Friday, July 19, 2013

Evolutionary Musings Of A Black Woman

My life is multifaceted as is everyone else.   In light of what has happened in the USA in regards to Paula Deen and Trayvon Martin, I wanted to share my thoughts, even if no one asked.

I Am My Father's Daughter.

My father has been deceased for more than 25 years. He was born October 1907, in Florida and was adopted in his early years. He and my mom decided to adopt four of us in the 60′s, when it was extremely unusual for anyone on their fifties to journey down that path. My father loved listening to the pundits, and watching politicians get caught up in scandal and try to wiggle their way out.
I remember getting into heated debates with my father regarding poverty, race, religion and the South. For years after his death whenever I heard the song The Living Years, I thought about my father and us not seeing eye to eye.
Fast forward to the present. At 50 this once young college socialist is still evolving. These past few weeks definitely have had me thinking about politics, race and religion. The hypocrisy of the media as well as the pundits has been astounding to me in regards to Paula Deen, Trayvon Martin and Zimmerman. My thoughts are as long as people the world over call people outside of their names, then we cannot make assumptions or judge others. In the case of Paula Deen, her case is obviously about money. If Paula Deen said “Nigger”, and did not have any money, there would not be case. What’s ironic is that the person suing her is not African American. The media had a field day with this story, and many of her sponsors dropped her. The truth of the matter is that the media as well as many of her sponsors are not interested in race relations, unless it will boost their ratings or money is to be gained. I am not saying what she said is politically correct, nor am I saying that I approve of calling people Nigger. When White Americans start using the vernacular interchangeably among themselves, only then will the word lose power.
Although the media nor has anyone else has asked me my opinion regarding the Trayvon Martin case, well we all have one. Travon Martin did not deserve to die. I do believe it was an accident, and what can we learn from that. First off, here in the USA, too many people have guns that should not be carrying them. Secondly, Zimmerman and Paula Deen should not be the punching bag for wait ails the Black community. Facebook and Twitter is filled with pundits twitting about the racism of our country. If these same pundits as well as the media would reframe the discussion on what to do at large to help our communities in this country that have major issues, and show how this impacts us all globally. A good example of this was Ms. Rachel Jeantel. We have an African Amerian woman, who did not finish high school, and who did not know how to purport herself in a court of law. Ms. Jeantel also stated that her parents pay her bills. Our community is filled with young people who are jobless. When on the Piers Morgan show he asked her if their was anything that she really wanted to say while she was on the stand in court, and all she could say was “Nigga”, I thought what a sad state for this country. That this 19 year old woman could not articulate anything else but that. The majority of African American children are born in homes with one parent. In the inner-cities the dropout rates for minorities are close to 50% and higher. The unemployment rate is staggering, and crimes in most inner cities are committed by minorities against minorities usually drug-related. African American parents especially need to have a heart to heart talk with themselves. We are responsible for raising our children! I can say this because as an adopted child, my birthmother had 13 children, and only the four of us that were adopted were not raised by the streets. Of the remaining nine, only one turned out. The rest live off of the system and are in and out of jail or are on drugs. You cannot blame racism for that.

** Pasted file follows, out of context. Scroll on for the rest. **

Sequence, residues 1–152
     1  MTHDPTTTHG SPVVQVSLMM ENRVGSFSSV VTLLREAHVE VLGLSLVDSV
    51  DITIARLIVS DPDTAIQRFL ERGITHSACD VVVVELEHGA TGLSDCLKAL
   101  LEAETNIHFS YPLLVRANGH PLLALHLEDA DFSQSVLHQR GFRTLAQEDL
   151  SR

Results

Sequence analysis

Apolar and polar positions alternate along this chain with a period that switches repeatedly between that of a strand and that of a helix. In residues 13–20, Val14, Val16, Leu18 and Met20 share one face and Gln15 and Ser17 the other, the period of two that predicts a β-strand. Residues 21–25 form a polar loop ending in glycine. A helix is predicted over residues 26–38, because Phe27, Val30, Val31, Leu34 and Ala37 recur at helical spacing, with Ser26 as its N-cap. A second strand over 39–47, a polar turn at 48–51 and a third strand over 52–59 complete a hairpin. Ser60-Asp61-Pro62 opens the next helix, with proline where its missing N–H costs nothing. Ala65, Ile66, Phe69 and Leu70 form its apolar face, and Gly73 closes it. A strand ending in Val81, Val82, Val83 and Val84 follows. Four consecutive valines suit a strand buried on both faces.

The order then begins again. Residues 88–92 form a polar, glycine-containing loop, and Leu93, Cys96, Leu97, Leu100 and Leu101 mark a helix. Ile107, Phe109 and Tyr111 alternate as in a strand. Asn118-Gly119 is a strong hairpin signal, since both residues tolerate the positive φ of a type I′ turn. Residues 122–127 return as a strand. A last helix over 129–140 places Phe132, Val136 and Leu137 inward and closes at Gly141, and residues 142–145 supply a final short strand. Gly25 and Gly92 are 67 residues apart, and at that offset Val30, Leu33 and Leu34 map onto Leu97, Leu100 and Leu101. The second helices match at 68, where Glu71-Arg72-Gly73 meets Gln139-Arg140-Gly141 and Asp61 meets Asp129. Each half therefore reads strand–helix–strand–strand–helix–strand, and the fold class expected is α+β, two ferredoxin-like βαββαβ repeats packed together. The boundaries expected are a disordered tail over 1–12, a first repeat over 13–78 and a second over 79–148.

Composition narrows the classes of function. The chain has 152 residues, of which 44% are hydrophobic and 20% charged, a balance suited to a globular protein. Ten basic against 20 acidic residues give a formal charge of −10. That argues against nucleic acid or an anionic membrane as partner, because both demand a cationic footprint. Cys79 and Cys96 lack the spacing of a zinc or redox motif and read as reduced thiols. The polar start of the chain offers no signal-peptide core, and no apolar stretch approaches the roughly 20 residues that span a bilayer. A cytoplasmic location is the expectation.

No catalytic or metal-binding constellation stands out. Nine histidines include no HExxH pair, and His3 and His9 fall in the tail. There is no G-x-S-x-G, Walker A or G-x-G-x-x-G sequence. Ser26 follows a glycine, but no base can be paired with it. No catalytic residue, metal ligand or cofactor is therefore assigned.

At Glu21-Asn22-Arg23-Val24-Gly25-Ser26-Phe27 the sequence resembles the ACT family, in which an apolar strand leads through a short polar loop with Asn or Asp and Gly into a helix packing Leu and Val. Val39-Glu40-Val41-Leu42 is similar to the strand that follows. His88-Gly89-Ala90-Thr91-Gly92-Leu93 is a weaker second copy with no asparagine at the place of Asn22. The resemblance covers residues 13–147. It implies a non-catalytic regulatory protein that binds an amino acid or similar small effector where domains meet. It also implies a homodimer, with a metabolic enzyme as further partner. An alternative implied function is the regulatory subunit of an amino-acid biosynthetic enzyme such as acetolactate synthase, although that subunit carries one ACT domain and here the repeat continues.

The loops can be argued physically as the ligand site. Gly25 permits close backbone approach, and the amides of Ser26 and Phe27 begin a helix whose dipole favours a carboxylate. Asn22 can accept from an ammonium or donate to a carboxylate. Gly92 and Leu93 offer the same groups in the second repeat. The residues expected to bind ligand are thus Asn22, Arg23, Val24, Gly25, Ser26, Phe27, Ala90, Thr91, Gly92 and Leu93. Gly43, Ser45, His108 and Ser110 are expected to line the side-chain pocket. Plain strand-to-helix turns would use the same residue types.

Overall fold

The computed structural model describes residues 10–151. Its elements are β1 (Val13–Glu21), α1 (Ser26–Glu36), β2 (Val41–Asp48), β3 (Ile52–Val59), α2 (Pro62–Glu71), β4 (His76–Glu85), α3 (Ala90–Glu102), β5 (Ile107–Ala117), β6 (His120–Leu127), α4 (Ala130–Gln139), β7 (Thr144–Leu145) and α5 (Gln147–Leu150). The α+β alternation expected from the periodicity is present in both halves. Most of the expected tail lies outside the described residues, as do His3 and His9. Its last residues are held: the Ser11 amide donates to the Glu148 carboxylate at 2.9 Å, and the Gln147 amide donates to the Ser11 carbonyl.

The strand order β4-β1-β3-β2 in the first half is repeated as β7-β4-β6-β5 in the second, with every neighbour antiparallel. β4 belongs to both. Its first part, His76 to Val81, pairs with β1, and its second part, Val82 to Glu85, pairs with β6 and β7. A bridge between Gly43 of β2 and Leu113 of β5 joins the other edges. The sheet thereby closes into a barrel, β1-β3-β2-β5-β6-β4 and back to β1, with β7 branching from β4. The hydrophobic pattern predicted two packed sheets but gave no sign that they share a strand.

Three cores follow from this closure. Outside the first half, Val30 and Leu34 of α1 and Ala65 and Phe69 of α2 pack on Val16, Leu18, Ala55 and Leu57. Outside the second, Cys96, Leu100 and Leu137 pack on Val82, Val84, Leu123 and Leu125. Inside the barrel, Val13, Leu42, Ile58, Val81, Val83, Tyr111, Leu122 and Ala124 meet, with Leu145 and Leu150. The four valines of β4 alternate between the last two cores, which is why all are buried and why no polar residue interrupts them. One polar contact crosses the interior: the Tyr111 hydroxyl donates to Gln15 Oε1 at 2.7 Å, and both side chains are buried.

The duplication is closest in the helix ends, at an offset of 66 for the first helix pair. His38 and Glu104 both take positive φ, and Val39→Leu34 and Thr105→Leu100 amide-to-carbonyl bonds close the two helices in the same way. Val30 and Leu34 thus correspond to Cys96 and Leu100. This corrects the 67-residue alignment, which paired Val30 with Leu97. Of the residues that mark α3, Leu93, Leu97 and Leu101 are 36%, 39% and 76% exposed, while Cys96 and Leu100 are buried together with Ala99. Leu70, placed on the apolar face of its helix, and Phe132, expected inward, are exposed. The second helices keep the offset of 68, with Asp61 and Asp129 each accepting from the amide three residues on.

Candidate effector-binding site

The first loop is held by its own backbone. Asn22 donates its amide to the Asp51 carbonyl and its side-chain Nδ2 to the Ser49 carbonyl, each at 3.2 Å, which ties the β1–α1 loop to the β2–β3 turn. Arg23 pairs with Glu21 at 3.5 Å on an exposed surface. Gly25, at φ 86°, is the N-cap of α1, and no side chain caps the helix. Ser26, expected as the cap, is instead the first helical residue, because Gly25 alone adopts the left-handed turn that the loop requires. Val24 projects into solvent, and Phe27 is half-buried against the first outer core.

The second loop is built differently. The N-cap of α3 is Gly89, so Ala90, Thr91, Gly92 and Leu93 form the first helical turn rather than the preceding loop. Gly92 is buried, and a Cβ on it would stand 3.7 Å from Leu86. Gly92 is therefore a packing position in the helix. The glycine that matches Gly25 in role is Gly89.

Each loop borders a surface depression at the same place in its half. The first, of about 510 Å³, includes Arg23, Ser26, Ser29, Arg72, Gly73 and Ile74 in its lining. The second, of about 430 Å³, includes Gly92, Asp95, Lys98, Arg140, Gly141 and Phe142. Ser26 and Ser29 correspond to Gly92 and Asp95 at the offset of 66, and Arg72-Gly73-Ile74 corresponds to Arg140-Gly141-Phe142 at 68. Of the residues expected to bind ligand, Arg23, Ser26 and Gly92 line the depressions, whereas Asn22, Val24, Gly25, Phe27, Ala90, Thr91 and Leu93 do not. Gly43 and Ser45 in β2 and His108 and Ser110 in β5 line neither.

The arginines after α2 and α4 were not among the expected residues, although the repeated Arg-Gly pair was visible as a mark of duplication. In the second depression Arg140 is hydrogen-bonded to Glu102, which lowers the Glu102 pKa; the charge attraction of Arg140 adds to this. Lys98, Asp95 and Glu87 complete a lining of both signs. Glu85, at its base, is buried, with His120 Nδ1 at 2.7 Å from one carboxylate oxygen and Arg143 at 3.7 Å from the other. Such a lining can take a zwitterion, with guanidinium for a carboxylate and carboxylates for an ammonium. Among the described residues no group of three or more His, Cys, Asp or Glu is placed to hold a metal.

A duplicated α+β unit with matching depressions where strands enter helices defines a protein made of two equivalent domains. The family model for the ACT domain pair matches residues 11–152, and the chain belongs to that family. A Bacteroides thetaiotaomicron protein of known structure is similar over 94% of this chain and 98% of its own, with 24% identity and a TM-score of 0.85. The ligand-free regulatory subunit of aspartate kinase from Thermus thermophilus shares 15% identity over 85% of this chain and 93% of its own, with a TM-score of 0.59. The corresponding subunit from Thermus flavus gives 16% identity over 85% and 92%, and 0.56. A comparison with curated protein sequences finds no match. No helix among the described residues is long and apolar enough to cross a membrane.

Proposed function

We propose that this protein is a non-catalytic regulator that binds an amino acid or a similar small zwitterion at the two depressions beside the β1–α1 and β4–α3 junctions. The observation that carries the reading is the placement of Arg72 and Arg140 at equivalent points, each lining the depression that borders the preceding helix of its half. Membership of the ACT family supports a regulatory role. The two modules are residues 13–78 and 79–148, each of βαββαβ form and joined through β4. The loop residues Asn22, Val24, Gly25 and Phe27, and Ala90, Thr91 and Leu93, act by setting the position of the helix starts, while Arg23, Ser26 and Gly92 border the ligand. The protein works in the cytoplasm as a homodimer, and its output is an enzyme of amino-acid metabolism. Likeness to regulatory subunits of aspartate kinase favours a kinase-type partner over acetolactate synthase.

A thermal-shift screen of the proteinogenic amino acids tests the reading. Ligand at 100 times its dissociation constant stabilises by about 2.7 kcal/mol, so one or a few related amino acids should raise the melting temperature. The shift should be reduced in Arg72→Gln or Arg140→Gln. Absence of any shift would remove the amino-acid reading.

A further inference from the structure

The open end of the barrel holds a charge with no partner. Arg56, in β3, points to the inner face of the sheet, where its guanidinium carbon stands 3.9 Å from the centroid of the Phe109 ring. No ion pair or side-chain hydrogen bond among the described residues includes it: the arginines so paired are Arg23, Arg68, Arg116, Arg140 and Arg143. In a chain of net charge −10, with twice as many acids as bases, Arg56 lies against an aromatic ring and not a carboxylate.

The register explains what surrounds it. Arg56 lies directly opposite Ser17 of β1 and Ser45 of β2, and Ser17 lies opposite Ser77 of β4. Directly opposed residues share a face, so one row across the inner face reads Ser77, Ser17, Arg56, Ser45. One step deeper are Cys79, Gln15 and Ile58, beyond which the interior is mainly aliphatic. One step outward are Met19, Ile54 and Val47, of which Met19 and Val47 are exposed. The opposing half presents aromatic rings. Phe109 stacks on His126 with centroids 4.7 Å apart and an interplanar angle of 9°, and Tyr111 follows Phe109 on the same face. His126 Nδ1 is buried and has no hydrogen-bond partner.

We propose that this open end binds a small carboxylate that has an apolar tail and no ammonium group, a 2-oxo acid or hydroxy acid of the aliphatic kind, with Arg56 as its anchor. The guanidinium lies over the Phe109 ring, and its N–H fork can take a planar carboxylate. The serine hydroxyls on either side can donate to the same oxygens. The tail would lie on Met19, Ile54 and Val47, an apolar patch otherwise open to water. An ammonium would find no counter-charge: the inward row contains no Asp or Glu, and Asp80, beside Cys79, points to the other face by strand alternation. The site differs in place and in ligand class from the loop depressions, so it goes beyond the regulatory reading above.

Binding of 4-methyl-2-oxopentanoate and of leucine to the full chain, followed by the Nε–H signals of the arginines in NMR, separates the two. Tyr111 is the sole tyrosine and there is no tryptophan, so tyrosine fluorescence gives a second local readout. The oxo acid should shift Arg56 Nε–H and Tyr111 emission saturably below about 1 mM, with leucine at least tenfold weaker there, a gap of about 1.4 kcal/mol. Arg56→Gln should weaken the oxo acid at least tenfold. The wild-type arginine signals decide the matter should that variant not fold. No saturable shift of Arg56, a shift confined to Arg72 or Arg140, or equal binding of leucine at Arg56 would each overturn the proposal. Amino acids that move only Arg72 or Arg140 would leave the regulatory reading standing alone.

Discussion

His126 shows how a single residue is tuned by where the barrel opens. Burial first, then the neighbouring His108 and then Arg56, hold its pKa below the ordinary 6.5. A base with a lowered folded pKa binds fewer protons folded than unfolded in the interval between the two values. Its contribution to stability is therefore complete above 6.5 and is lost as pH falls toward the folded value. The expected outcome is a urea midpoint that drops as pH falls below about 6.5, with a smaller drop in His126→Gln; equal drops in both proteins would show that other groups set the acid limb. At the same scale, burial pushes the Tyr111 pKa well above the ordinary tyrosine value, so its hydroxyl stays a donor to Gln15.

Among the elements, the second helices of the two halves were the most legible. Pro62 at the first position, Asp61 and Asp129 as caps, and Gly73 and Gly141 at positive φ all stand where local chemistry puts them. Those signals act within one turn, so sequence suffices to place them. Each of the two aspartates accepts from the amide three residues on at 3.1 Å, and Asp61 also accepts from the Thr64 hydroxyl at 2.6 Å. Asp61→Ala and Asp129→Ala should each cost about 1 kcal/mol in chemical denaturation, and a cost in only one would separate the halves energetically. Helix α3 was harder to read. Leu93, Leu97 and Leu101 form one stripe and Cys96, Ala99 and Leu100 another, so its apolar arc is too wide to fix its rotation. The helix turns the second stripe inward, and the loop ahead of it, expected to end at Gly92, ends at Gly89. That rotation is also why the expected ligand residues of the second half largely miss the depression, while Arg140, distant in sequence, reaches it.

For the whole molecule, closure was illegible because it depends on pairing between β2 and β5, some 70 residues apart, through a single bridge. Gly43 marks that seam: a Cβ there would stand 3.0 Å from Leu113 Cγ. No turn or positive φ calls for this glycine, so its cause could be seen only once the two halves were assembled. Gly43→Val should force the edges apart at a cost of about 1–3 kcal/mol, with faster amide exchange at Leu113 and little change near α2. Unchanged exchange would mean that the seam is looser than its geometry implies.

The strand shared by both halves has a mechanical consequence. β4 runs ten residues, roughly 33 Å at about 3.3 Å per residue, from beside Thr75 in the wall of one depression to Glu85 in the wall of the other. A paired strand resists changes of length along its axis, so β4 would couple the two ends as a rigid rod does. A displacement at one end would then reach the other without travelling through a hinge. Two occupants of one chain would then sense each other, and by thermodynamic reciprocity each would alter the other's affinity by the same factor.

Why is the media and the talking heads, not taking these issues on? The answer is because the picture is not pretty, and no one generally wants to hear it. Sensationalism sells, and people buy it lock step and barrel. I realized that if my father were here today, we would have agreed on the story of Paula Deen and Tayvon Martin.